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Administrative Law
University of Connecticut School of Law
Parker, Richard D.

Administrative Law and Process Outline
Parker, Fall 2016
University of Connecticut School of Law
What is Admin Law?
❖    Basics:
➢      A study of how Federal Administrative/Agencies function, process of decision making, controls by the agencies that affect private parties, and over the agencies by the other branches of government. Agency’s control through rules and orders. W/in the framework is permits, fines, prison sentences, and benefits. Agencies are controlled by Congress, the Executive, and the Judiciary. The main reason for agencies existence is the need for delegation of duties that cannot be performed by the President or Congress alone, and to allow expert parties to handle certain areas…
❖    Agency
➢      Each authority of the government of the U.S., except Congress, Courts, and President
❖    Independent Agencies
➢      (FCC, SEC, FTC, NLRB, NRC, FRB) Called “board” or “commission,” are independent because they are insulated from control by the president. 1) multi-member group, 2) no more than a simple majority from one party, 3) fixed, staggered terms 4) can only be removed for cause. Can bring up constitutional issues, because Pres. Charged w/ “enforcing the laws.”
❖    Separated Powers and Agencies
➢      Constitution separates powers, Congress (makes laws) Executive (enforces laws) Judicial (apply the law to cases). Agencies can and often do combine all three functions, and independent agencies are even outside of executive control. Agencies stem from the necessary and proper clause. (Art. I § 8 clause 18), and also from amount of practicality to allow execution of laws.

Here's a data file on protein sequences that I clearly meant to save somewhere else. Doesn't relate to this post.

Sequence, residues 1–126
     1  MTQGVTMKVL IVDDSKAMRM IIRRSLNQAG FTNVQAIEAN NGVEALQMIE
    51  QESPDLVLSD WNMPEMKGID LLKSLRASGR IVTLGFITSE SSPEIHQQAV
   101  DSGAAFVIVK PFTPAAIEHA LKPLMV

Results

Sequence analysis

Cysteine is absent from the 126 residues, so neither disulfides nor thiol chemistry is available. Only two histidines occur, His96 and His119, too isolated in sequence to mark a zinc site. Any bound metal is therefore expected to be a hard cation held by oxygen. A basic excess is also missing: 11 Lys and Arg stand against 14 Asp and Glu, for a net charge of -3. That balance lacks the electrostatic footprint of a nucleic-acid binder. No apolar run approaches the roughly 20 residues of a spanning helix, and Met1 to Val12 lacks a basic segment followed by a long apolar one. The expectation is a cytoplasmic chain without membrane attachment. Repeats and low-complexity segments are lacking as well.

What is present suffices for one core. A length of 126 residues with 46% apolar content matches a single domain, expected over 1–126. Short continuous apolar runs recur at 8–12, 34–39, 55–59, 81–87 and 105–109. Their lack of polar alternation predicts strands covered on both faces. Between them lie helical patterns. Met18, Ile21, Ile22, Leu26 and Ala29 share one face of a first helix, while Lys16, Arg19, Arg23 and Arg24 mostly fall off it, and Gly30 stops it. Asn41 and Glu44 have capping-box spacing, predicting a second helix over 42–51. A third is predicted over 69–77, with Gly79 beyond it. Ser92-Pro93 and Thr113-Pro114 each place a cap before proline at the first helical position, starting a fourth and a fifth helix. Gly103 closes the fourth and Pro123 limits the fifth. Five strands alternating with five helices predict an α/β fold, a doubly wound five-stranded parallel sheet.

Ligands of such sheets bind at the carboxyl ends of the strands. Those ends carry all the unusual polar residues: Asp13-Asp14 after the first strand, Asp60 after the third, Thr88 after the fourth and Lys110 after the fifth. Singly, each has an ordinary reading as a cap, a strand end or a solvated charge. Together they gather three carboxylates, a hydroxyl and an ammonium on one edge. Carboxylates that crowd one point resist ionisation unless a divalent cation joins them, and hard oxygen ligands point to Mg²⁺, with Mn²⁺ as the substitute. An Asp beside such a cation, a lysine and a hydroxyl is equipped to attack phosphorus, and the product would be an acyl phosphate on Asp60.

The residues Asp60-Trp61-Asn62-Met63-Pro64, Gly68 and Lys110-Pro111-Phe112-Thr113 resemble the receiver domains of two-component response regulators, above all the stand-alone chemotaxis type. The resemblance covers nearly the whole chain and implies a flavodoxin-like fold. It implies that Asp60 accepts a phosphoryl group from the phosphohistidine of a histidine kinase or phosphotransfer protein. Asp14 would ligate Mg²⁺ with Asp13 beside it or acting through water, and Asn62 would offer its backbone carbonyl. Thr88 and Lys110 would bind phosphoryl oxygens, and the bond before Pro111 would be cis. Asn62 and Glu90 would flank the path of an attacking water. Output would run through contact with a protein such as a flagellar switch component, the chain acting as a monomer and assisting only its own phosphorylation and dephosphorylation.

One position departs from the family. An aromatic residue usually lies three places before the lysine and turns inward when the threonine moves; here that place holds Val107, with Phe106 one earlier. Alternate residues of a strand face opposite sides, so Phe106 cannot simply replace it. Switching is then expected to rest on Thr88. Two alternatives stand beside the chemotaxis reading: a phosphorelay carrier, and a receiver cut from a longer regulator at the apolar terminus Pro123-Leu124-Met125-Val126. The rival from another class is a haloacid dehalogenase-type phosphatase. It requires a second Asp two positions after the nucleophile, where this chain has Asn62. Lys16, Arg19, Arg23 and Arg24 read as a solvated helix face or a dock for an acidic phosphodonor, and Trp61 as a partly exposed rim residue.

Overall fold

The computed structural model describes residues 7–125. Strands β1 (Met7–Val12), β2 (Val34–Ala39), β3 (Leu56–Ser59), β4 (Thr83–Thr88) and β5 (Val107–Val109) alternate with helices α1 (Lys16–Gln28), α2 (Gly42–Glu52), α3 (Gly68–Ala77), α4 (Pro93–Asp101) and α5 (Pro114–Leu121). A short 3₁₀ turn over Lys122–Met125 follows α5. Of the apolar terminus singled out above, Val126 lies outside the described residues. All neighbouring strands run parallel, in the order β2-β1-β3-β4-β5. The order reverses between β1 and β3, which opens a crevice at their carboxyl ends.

The Relationship of the Individual to the State…
❖    Three Questions
➢      (1) What is the governmental action that gives rise to the issues in the case before us?
■       The governmental entities we shall call administrative agencies include, for example, municipal and local bodies such as tax assessors, zoning boards, planning commissions, and school boards; state actors such as public service commissions, departments of motor vehicles, the environment or consumer affairs; and federal administrative agencies such as the Securities and Exchange Commission, the Internal revenue Service, the Department of Labor; or the Environmental Protection Agency.
●       It is important first to be very clear on just what the governmental action is that gives rise to the procedural claims in the case before you. 
➢      (2) How does the law characterize those actions?
■       Agencies can issues rules, orders, variances, rulings, ordinances, planning documents, tax assessments, expulsions, or suspensions.
■       Some of these actions will affect individuals directly.
■       Others will be more general and their specific impact on individuals more remote.
➢      (3) What are the legal consequences of those characterizations?
■       If an agency is engaged in issuing what we are sure is an order, and some kind of adjudicatory process is appropriate, does it follow that adjudicative processes similar to those used in a federal court must be employed.
❖    Rules or Orders?
➢      Londoner v. City and County of Denver (3)- Street being paved and charging citizens for it. Pr- APA case. Basic Due Process for Admin. Law. Due Process requirements attach adjudication or what is finally adjudications, but not necessarily w. rulemaking . Due process, opportunity to be heard, Dupe Process attached here because it was a decision by a non-legislative body based on individuals facts/circumstances.
■       RULE: When a state legislature commits to a subordinate body the duty of determining whether and in what amount a tax should be levied, and of making its assessment and apportionment, due process of law requires that the taxpayer have notice and an opportunity to be heard before the tax becomes law.